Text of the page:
Twenty-six environmental groups have written White House energy czar and former Socialist International official Carol Browner informing her that, if the electricity transmission grid must be expanded — they prefer rationing — the grid should be dedicated exclusively to renewable sources. New lines should not facilitate the expansion of coal power, say the greens.
Prince Charles told business leaders in Brazil today that,
“The best projections tell us that we have less than 100 months to alter our behaviour before we risk catastrophic climate change.”
But how did Prince Charles get to Brazil? By jet. And he’s off to the Galapagos Islands next. When will he (and other green elites) change their behavior?
Steve Milloy’s new book Green Hell: How Environmentalists Plan to Control Your Life and What You Can Do to Stop Them spotlights the green double standard — the one for the elites and the one for you.
The web site for Al Gore’s movie An Inconvenient Truth recommends that you:
Use a clothesline instead of a dryer whenever possible
You can save 700 pounds of carbon dioxide when you air dry your clothes for 6 months out of the year.
But University of Montreal researcher Emanuela Cardia points out in a new study entitled “Household Technology: Was it the Engine of Liberation?” that,
… ownership of washing machines, dryers and freezers increased the presence of married women in the labor market.
Green doesn’t sound very liberating, does it?
The Washington Post reported today that,
While people around him fret about their escalating utility bills and vent at their politicians, Al Schnoebelen looks out his triple-paned living room window and feels pretty lucky.
Last month’s energy charges from Delmarva Power? A mere $3.35. With taxes and surcharges more than doubling the bill, Schnoebelen wrote a check this week for a whopping $10.65.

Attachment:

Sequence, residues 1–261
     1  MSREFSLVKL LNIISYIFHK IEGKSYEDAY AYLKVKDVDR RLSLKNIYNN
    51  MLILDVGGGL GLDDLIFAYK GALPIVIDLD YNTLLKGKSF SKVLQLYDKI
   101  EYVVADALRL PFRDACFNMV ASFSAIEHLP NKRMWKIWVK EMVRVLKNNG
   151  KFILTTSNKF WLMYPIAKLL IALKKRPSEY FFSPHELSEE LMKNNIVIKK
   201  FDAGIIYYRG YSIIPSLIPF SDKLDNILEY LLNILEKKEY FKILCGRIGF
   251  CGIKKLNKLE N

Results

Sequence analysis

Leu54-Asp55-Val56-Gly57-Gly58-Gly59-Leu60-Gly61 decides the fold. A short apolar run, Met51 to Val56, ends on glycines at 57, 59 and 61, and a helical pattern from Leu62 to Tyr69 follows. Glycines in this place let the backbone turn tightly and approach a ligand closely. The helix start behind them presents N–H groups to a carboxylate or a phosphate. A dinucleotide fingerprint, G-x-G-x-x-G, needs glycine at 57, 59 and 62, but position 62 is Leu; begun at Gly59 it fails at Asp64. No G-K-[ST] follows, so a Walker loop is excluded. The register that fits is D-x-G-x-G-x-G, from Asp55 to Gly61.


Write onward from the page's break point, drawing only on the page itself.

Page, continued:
And that was relatively high. Before a failing propane freezer was replaced with an electric one last year, Schnoebelen and his wife, Nancy, paid about 35 cents a month before taxes.
The couple’s 2,000-square-foot, two-bedroom Eastern Shore bungalow has been powered by the sun for 19 years.
What did their system cost? According to the Post,
The solar system cost $4,200. It was shipped in a box from a California company: three batteries and transformers to convert the sun’s low-voltage power to AC current. The company went out of business when the solar fad of the 1970s and 1980s faded.
But things have changed over the last 20 years:
Today, there’s new technology for those who follow the Schnoebelens’ path. But the start-up costs are significant, at $8,000 to $40,000, depending on how much power the system produces, officials with the Maryland Energy Administration said.
Moreover, do you really want to live like the Schnoebelens? According to the Post article,
The Schnoebelens live simply — no Internet, no cellphone, no answering machine, no cable on the TV.
Steve Milloy’s new book, Green Hell: How Environmentalists Plan to Control Your Life and What You Can Do to Stop Them, spotlights how the greens want to permanently rollback your standard of living.
The Washington Post reported this morning,
As smoke rose from the power plant just across Cuckold Creek, one of the first residential windmills in Maryland began providing the Elliott-Robinson home with a greener source of electricity yesterday.